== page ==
The custom of employing eunuchs—men who have been castrated—as servants in wealthy or royal households dates back millennia. In ancient China and the Middle East, eunuchs acted as guards in harems and as chamberlains to kings. The confidential position enabled them to exert considerable influence over their masters. Use of eunuchs in royal courts peaked during the Byzantine Empire and faded with the fall of the Ottoman Empire. Whose assassin's killer castrated himself to avoid sexual temptation?
Henry David Thoreau
Back in the day
More than 100 years after Dr. Hawley Harvey Crippen was hanged for the alleged murder, dismemberment, and basement burial of his second wife, the controversial case continues to captivate. The case is compelling not only because it is so gruesome but also because Crippen became an international fugitive, fleeing with his lover aboard a Canada-bound ocean liner, and was the first criminal apprehended with the help of radiotelegraphy. What new evidence has called Crippen's guilt into question?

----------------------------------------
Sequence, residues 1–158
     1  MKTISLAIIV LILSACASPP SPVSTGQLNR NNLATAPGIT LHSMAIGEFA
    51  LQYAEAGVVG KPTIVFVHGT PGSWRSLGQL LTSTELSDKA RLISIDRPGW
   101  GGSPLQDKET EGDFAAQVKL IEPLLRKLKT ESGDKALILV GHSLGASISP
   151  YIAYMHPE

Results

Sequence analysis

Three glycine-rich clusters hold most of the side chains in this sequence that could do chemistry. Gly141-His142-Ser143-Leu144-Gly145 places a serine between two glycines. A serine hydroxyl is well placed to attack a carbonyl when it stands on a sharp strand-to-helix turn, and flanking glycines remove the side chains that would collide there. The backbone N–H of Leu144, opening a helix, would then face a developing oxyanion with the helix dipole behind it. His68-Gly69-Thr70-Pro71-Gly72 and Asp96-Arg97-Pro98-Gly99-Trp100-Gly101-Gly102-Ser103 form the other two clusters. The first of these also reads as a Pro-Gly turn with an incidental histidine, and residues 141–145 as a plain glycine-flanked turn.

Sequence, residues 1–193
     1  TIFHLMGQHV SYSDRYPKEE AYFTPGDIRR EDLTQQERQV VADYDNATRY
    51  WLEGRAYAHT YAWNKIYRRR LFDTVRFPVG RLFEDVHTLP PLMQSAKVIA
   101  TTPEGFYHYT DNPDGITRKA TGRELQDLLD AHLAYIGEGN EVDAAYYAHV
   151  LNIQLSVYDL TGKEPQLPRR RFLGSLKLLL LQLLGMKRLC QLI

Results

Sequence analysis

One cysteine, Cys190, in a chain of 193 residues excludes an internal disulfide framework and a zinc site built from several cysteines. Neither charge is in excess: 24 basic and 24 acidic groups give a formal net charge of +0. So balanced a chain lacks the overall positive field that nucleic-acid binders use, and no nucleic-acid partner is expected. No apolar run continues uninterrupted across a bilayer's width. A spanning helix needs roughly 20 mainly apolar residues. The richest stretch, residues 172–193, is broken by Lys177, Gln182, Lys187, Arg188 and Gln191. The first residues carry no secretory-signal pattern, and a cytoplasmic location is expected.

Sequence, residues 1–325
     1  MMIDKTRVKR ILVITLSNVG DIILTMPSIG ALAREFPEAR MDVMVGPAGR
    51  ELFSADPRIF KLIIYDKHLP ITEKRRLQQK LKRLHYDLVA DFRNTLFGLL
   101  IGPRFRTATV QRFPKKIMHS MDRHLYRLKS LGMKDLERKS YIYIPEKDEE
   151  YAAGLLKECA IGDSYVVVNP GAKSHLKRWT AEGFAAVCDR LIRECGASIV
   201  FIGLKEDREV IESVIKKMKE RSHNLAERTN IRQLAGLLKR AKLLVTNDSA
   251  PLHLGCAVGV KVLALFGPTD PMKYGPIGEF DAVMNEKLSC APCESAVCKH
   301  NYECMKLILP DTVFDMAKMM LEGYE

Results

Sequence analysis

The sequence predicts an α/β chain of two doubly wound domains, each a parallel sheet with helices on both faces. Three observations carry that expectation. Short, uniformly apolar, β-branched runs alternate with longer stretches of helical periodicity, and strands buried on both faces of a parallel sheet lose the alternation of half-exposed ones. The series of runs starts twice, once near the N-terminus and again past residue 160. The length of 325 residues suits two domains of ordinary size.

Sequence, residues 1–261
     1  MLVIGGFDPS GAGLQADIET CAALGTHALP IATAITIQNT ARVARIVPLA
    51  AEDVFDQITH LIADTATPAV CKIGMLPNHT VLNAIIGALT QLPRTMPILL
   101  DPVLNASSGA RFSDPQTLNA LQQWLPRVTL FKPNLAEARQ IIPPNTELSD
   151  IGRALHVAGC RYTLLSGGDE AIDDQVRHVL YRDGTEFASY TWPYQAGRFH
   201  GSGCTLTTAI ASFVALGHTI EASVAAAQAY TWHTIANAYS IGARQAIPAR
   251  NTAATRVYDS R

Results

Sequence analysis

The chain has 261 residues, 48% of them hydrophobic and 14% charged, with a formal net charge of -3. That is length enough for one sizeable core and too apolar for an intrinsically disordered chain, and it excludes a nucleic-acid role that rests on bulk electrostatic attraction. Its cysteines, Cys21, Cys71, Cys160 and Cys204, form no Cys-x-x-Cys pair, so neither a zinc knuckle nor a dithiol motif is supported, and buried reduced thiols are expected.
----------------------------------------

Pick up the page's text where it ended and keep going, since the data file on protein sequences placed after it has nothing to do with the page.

Born on a day like today
Alfonso X, son and successor of Ferdinand III, sought to become Holy Roman Emperor but eventually renounced his claim due to Spanish antagonism and papal opposition. He crushed revolts by Muslims in 1252 and nobles in 1254, but once his eldest son was killed while fighting the Moors in 1275, civil war for succession broke out between Ferdinand's children and Alfonso's second son, who succeeded him as Sancho IV. Why is Alfonso depicted in the House of Representatives chamber of the US Capitol?